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Lawmakers question proposed CFC changes

Jul. 11, 2013 - 06:00AM   |  
By SEAN REILLY   |   Comments
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Rep. Blake Farenthold , chairman of the House Committee on Oversight and Government Reform subcommittee on the federal workforce, is questioning key elements of a proposed overhaul of the Combined Federal Campaign. (Mike Morones/Staff)

A planned overhaul of the Combined Federal Campaign faced sharp criticism Wednesday from the chairman of a House oversight panel.

At an hour-long hearing, Rep. Blake Farenthold, R-Texas, said that he is “troubled’ by several of the Office of Personnel Management’s proposals for remaking the charity drive. Some lack specifics and are untested, he said, while others go beyond the recommendations made last year by an independent advisory panel known as the CFC-50 Commission.

While acknowledging that the CFC needs change, Farenthold added that OPM’s track record on other initiatives — such as a “failed redesign” of the website in 2011— “does not inspire confidence.”

Farenthold heads the House Oversight and Government Reform subcommittee on the federal workforce; in varying degrees, his criticisms were echoed by Rep. Dave Reichert, R-Wash., and representatives of several groups that participate in the CFC.

But under the status quo, more than 37 percent of donors have “walked away” in the past decade, Mark Lambert, an OPM official who oversaw the campaign from 2008 to 2010, told lawmakers. The proposed changes will “attract new donors and provide new contributions to the participating charities.”

OPM, which is now reviewing almost 1,400 comments received on its plan, has historically worked with CFC stakeholders, Lambert said and “will continue to partner with them going forward.” In an interview after the hearing, he added that OPM does not have a timeline for moving ahead with a final plan, but will do so as quickly as possible.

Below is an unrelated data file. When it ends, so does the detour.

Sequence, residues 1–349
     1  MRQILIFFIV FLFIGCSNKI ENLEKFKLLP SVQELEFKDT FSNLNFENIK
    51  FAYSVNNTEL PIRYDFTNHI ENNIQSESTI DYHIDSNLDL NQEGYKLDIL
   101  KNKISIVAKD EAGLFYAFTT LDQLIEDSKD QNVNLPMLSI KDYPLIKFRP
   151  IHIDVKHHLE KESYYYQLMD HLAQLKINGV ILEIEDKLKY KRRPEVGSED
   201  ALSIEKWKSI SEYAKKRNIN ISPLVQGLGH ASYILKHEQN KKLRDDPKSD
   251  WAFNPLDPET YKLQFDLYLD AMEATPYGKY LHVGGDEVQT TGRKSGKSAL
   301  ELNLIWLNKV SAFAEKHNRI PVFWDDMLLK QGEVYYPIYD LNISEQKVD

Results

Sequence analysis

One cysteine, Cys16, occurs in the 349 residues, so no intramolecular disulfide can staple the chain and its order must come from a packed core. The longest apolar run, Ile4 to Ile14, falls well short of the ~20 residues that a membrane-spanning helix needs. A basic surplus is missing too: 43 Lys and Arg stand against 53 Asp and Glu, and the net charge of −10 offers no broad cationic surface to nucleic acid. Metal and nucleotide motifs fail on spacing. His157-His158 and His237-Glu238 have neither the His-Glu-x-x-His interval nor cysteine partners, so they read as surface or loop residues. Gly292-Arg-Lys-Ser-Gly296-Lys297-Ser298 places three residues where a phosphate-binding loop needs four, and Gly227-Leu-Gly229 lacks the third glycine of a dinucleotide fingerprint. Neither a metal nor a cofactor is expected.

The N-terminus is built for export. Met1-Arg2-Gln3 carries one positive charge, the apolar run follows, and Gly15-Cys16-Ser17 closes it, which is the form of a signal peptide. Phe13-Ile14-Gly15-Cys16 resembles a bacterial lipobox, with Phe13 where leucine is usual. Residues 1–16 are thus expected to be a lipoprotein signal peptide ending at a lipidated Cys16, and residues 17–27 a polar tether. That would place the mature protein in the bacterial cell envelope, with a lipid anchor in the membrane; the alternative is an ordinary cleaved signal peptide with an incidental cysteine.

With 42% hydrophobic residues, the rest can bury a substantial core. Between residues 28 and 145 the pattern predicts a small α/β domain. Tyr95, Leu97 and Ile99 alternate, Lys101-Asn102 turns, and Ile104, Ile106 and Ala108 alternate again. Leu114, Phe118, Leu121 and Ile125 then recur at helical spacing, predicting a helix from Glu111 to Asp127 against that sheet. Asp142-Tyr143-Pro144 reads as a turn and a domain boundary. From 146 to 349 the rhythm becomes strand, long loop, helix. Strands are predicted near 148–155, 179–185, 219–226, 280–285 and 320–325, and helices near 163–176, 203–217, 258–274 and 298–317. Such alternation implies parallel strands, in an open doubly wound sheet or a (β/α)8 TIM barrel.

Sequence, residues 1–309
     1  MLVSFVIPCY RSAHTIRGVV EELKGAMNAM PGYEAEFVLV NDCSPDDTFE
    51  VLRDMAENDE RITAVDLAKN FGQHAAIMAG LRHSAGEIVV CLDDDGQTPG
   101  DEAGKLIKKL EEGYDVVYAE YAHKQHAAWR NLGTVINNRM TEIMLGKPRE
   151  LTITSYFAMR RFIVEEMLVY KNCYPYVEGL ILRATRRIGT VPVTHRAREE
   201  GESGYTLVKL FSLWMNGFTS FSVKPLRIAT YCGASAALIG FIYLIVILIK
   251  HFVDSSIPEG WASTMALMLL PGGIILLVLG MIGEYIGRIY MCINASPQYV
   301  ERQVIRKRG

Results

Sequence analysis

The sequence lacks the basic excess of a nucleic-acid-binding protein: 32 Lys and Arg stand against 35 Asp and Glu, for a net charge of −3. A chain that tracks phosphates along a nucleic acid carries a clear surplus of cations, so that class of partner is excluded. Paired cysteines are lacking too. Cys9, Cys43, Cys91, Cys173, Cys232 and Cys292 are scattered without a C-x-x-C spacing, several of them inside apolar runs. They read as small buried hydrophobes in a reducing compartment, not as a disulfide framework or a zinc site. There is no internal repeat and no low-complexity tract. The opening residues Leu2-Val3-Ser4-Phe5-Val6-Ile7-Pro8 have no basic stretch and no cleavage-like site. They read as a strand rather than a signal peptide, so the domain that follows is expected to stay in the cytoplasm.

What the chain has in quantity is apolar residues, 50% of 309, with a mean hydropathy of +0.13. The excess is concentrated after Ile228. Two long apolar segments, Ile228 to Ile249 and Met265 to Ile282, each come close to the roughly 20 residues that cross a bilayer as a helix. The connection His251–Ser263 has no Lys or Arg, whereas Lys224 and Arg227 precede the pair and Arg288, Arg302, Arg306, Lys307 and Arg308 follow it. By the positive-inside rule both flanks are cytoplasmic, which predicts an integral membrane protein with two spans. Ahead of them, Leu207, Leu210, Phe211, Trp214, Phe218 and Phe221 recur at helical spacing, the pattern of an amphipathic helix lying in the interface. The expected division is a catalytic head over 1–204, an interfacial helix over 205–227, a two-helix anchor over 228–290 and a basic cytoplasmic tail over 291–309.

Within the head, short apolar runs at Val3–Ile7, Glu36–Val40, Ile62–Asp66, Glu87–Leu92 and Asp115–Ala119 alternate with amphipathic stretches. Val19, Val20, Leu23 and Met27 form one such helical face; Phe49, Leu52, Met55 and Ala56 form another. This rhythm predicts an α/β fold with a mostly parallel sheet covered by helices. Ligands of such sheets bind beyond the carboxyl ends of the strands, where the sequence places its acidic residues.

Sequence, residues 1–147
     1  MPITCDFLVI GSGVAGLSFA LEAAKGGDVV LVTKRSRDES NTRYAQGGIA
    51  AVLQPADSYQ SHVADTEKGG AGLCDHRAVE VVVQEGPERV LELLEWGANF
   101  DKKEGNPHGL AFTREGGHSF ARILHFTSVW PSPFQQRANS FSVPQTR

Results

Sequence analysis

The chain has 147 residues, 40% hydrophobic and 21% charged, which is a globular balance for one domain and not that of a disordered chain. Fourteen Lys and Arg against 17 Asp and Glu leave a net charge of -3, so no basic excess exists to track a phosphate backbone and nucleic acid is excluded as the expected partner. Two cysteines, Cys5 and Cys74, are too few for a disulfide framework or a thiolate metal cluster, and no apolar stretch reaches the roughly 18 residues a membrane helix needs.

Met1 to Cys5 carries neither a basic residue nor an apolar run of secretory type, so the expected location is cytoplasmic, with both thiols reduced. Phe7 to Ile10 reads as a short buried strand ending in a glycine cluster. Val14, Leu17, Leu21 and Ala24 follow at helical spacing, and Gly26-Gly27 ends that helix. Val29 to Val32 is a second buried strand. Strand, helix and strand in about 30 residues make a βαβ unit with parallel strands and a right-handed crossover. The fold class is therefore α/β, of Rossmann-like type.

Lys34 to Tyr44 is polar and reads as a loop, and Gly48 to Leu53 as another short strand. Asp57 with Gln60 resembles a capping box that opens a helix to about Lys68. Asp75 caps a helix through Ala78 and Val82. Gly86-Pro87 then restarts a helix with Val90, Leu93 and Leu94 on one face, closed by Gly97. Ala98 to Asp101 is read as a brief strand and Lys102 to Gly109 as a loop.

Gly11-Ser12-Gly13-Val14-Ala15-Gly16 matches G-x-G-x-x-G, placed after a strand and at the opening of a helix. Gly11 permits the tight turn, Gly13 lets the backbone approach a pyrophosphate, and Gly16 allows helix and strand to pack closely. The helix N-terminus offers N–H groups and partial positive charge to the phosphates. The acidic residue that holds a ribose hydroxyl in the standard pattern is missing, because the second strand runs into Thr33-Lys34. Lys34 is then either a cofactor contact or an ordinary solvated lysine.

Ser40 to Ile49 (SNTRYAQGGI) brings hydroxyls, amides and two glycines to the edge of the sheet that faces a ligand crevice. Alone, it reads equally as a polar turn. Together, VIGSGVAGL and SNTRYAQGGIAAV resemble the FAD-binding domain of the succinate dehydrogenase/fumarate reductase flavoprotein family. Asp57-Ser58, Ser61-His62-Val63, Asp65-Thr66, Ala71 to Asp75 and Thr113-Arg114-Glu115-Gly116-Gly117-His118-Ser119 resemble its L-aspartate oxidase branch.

The hearing before Farenthold’s subcommittee came as OPM is facing broad resistance to key parts of the proposed makeover, which would supplant the local federal coordinating committees with a regional approach, shift to all-electronic giving and require charities to pay a non-refundable application fee. Although the CFC generated almost $260 million in pledges last year, that figure marked a decline for the third straight year.

The proposed changes draw on recommendations from the CFC-50 Commission, which then-OPM Director John Berry created in 2011 to examine the campaign’s operations a half-century after its founding. Farenthold and other critics object, however, that OPM has in some instances gone well beyond the commission’s blueprint.

While the commission said that OPM should “encourage” online giving, Farenthold said, the agency is now proposing to “eliminate paper donations.” In the interview following the hearing, Lambert disagreed that OPM overstepped, saying that all of its proposals could be traced back to the commission’s report last year.

He also did not rule out pilot testing for some aspects of the plan, such as the proposed charity application fee. “We don’t know what that’s going to look like yet ... ” he said, “but we will work with our stakeholders to determine how that fee is determined and how it’s assessed.”

The hearing marked the first time that OPM has publicly responded to criticism of its plan, which was formally unveiled in early April. Asked afterward whether legislation is an option, Farenthold replied that “we’re still early on in the process.”

Just by holding the hearing, lawmakers have alerted OPM “to the fact that Congress is concerned that they don’t take a good program and wreck it,” Farenthold said. “We’re also concerned that they find ways to improve it.”

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